A. Magazine

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A. Magazine was an Asian American-focused magazine published by A.Media, Inc., headquartered in Midtown Manhattan, New York City.[1][2] The company also had offices in Los Angeles and San Francisco.[1]

It was founded in 1989 by Jeff Yang, Amy Chu, Sandi Kim and Bill Yao to cover Asian American issues and culture, and grew out of a campus magazine Yang edited while an undergraduate at Harvard University.[citation needed]

The magazine operated for 12 years. On its tenth year, the magazine made a profit for the first time. During that year it reached its circulation high of 200,000. When the economy declined in 2001, the magazine declined.[1]

Until it ceased on February 20, 2002, it was the largest publication for English-speaking Asian Americans in the United States, with bimonthly readership exceeding 200,000 in North America.[citation needed]

Though well known and influential in the Asian American community, it was never profitable in its 13-year existence.[citation needed]

In November 1999, it obtained US $4.5 million in venture capital funding, and the company was renamed aMedia, reflecting a branching out into Web publishing. Unfortunately, this change came right as the dot-com boom was turning to bust. In early 2000, right after announcing their move to a 20,000-square-foot (1,900 m2) office in San Francisco, the stock market nosedived. In a desperate attempt to recover, they merged with Click2Asia in November 2000. After a tough shareholder fight, the merged company was shut down in 2002.[citation needed]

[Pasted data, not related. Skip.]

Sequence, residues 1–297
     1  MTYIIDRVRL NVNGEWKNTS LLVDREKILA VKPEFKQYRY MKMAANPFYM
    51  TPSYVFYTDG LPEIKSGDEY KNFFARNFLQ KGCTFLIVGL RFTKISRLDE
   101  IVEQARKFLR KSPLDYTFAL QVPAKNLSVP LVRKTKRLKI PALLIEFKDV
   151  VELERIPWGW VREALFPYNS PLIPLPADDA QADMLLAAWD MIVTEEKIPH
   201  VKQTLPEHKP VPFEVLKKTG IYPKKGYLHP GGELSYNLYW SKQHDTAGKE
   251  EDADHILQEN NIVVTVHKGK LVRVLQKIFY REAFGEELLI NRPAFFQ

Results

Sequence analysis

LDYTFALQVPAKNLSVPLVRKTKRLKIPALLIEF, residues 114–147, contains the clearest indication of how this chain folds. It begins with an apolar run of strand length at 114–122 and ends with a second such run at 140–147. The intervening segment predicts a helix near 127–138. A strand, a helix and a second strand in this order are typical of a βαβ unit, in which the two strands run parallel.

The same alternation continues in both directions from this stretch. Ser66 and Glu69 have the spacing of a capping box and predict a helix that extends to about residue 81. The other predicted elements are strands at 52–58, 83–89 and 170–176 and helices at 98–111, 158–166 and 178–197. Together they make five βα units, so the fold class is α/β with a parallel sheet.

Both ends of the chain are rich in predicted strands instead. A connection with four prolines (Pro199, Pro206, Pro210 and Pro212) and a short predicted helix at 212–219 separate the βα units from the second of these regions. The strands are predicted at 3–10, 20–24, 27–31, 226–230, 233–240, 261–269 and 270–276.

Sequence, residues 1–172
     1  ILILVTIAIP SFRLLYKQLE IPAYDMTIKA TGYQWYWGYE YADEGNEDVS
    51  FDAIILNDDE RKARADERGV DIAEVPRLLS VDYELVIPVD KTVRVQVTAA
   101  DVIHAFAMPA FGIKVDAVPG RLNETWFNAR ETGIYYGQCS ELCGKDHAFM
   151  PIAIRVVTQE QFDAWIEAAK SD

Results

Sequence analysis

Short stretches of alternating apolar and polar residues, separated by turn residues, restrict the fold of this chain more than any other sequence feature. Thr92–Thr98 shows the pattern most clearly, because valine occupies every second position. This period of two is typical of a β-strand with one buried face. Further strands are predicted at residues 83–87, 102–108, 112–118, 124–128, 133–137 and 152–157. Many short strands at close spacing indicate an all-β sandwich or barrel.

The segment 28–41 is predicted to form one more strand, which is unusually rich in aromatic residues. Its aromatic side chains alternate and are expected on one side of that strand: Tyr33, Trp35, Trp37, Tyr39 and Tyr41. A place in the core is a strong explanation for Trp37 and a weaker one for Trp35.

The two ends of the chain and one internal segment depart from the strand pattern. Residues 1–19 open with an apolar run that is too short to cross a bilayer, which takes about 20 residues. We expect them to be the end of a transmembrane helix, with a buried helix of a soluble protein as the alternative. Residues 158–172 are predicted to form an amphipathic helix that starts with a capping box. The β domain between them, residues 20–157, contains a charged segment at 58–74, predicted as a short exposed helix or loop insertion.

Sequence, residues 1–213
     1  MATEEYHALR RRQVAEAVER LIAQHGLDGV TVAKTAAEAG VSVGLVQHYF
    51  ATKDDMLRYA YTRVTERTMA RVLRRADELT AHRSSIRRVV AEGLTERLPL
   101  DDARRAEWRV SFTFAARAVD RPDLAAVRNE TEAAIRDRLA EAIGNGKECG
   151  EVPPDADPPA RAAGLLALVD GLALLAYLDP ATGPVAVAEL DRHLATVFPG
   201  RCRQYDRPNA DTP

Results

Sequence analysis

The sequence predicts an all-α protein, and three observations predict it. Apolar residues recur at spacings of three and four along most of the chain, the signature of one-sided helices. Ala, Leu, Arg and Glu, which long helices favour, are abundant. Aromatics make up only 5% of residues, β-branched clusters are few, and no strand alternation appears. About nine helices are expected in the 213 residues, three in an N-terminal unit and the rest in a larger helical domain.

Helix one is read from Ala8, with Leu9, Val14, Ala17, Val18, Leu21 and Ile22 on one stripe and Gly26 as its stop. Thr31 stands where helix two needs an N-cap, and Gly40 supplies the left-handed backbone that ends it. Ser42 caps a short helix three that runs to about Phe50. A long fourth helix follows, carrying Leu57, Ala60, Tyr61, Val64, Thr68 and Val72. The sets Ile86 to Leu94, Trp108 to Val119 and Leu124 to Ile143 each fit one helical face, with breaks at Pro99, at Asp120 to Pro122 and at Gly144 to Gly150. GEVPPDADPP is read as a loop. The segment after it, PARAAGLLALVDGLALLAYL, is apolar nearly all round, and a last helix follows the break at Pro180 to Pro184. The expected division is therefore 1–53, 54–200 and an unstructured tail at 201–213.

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  1. ^ a b c Wan, William. "Pop Culture Asian American Magazine Falters." Los Angeles Times. December 8, 2003. Retrieved on September 25, 2012. "New York-based A magazine lived 12 years and finally turned a profit in its 10th year with a circulation high of 200,000,[...]"
  2. ^ "About Us." A Magazine. Retrieved on September 25, 2012. "A.Media, Inc. New York 667 Fifth Ave., 3rd Fl. New York, NY 10022"

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